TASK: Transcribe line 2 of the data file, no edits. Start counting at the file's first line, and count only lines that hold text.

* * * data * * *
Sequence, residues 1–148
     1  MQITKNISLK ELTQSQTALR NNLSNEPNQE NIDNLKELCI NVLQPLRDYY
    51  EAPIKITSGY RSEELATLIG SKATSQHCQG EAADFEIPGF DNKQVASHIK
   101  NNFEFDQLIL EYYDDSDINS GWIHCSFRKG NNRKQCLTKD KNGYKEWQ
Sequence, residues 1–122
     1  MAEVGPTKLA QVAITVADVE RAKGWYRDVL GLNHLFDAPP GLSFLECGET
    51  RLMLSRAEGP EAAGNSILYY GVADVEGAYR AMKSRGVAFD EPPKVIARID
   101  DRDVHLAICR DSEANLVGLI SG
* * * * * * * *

     1  MQITKNISLK ELTQSQTALR NNLSNEPNQE NIDNLKELCI NVLQPLRDYY